A jogger (David Beeler) stumbles upon a genie's lamp and the genie (Tom Konkle) is released and must grant him one wish in this cautionary tale. written by Dave and Tom. Directed by Tom Konkle
A template for fictional wishes could be The Book of One Thousand and One Nights, specifically the tale of Aladdin, although in the tale of Aladdin the actual wishes were only part of the tale. Also, Aladdin's demands, while outrageous, were mainly variations on wealth (which is still often taken as the most common request).
Classically the wish provider is often a spirit, Genie or similar entity, bound or constrained within a commonplace object (Aladdin's oil lamp for example) or a container closed with Solomon's seal. Releasing the entity from its constraint, usually by some simple action, allows the object's possessor to make a wish.
The subservience of the extraordinarily powerful entity to the wisher can be explained in several ways. The entity may be grateful to be free of its constraint and the wish is a thank-you gift. The entity may be bound to obedience by its prison or some other item that the wisher possesses. The entity may, by its nature, be unable to exercise its powers without an initiator.
Other wish providers are a wide variety of, more or less, inanimate objects. W.W. Jacob's Monkey's Paw is an example of this. [[Piers Anthony]] puts a spin on this idea in Castle Roogna: a magic ring claims to grant wishes and then claims credit when a wish comes true, apparently from the unaided efforts of the characters—but every wish made on the ring sooner or later comes true.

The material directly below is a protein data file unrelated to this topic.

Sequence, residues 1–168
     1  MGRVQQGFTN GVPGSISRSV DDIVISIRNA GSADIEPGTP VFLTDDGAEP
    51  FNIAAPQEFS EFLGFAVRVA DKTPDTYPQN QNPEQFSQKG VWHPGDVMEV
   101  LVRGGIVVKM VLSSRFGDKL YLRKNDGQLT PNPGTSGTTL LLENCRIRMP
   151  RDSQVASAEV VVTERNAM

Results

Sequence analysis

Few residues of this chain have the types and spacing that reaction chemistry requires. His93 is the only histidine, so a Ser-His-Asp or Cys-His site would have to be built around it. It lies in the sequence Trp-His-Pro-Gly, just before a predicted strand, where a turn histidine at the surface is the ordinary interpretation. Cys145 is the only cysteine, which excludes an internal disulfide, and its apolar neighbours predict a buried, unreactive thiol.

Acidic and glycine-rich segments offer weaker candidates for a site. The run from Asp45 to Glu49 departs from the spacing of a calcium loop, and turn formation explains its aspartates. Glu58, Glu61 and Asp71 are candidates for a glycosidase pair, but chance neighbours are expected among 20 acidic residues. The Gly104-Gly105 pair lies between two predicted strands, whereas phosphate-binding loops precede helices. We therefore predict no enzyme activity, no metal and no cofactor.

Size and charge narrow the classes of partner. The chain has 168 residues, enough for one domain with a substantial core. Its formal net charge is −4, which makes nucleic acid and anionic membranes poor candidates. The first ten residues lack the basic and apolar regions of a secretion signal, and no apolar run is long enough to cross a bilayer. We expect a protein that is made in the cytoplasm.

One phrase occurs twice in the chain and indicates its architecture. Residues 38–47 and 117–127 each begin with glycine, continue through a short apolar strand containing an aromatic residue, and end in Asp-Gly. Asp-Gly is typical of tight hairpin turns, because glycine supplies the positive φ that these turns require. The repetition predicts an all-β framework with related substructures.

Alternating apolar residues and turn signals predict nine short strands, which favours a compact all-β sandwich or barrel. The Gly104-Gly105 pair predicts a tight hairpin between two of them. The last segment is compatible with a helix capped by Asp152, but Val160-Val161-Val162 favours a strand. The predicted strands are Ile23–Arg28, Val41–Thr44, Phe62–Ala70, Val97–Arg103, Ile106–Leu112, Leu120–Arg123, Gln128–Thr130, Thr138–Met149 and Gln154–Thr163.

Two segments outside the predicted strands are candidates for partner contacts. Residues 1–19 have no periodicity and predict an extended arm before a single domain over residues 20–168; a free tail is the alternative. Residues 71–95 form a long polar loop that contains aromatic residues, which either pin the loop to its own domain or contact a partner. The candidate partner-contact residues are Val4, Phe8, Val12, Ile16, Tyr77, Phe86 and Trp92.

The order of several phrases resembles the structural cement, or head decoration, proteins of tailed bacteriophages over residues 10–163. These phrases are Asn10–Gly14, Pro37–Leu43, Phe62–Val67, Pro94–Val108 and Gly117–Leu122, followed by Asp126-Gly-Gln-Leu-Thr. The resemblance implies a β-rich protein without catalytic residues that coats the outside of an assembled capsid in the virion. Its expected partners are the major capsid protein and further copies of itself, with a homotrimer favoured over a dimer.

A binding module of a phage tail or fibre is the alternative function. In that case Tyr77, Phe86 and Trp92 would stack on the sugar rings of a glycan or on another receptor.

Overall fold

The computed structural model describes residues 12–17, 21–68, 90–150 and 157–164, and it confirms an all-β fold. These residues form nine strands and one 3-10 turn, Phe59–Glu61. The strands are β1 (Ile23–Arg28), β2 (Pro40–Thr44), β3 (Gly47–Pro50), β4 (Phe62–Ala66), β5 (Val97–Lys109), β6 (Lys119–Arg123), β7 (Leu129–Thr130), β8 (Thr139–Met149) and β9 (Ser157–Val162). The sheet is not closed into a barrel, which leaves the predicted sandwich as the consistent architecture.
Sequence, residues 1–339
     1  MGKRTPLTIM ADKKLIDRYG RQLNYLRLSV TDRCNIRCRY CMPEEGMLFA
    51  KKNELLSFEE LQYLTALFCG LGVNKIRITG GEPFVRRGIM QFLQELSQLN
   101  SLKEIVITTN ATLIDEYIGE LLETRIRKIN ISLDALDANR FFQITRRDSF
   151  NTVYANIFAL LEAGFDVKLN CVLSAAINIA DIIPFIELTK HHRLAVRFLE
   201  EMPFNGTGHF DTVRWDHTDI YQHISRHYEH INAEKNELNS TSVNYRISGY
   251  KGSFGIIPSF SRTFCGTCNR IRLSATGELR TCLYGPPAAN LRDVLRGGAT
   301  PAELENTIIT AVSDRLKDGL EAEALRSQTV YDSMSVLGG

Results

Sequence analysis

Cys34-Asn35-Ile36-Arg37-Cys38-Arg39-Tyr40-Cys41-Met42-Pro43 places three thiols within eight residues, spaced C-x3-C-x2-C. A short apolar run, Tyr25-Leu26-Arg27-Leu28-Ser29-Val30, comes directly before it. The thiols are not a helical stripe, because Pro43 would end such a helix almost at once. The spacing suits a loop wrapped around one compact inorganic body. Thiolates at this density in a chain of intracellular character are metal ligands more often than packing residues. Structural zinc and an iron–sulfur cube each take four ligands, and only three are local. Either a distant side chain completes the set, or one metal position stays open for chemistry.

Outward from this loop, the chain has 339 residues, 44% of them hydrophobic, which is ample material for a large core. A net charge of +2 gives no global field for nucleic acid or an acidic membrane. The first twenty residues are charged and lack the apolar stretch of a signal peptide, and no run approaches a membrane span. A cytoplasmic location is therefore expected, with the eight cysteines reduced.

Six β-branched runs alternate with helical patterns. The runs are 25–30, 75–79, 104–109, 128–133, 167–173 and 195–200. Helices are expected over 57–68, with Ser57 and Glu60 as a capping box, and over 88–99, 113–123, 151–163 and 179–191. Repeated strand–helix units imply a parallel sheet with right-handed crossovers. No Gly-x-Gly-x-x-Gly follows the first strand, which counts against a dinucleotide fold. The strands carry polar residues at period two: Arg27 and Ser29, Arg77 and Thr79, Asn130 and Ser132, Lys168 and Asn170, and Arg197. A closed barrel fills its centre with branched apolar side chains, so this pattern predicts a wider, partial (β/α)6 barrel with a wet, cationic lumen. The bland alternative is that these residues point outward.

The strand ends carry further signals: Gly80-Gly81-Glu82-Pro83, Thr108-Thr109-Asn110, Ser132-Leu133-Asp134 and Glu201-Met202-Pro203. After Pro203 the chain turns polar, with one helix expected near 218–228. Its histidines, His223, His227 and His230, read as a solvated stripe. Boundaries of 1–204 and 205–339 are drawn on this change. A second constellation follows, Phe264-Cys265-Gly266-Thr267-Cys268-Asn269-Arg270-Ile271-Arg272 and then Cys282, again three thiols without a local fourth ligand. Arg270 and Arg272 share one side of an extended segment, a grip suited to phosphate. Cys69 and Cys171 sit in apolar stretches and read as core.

Some wishes appear to be granted by nothing in particular. Snow White's mother's wish for a beautiful child might have been a coincidence, but the father's wish in The Seven Ravens transforms his sons into ravens, just as the mother's wish in The Raven transforms her daughter. This is common in a tale involving a person, male or female, wishing for a child, even one that is a hedgehog, or The Myrtle|a sprig of myrtle, or no bigger than a hazel nut.
The three wishes joke is a form of joke in which the protagonist is given three wishes by a supernatural being, and fails to make the best use of them. Common scenarios include releasing a genie from confinement - perhaps finding an old oil lamp and rubbing it; catching and agreeing to release a mermaid or magical fish; or crossing paths with the devil.
The protagonist of the joke makes their first two wishes and finds that all is well. Often, the third wish is either misinterpreted, or intentionally granted in an awkwardly literal fashion, and cannot be reversed because it is the final wish, resulting in the punch line of the joke. Alternatively, the wishes are split between three people, with the last person inadvertently or intentionally messing up or undoing the wishes of the others with their wish to form the punchline.
An example of the three wishes joke runs as follows:
Three men are stranded on a desert island, when a bottle washes up on the shore. When they uncork the bottle, a genie appears and offers three wishes. The first wishes to be taken to Paris. The genie snaps his fingers, and the man suddenly finds himself standing in front of the Eiffel Tower. The second man wishes that he were in Hollywood, and with a snap of the genie's fingers, he finds himself on a Tinseltown movie set. The third man, now alone on the island, looks around and says, "I wish my friends were back."
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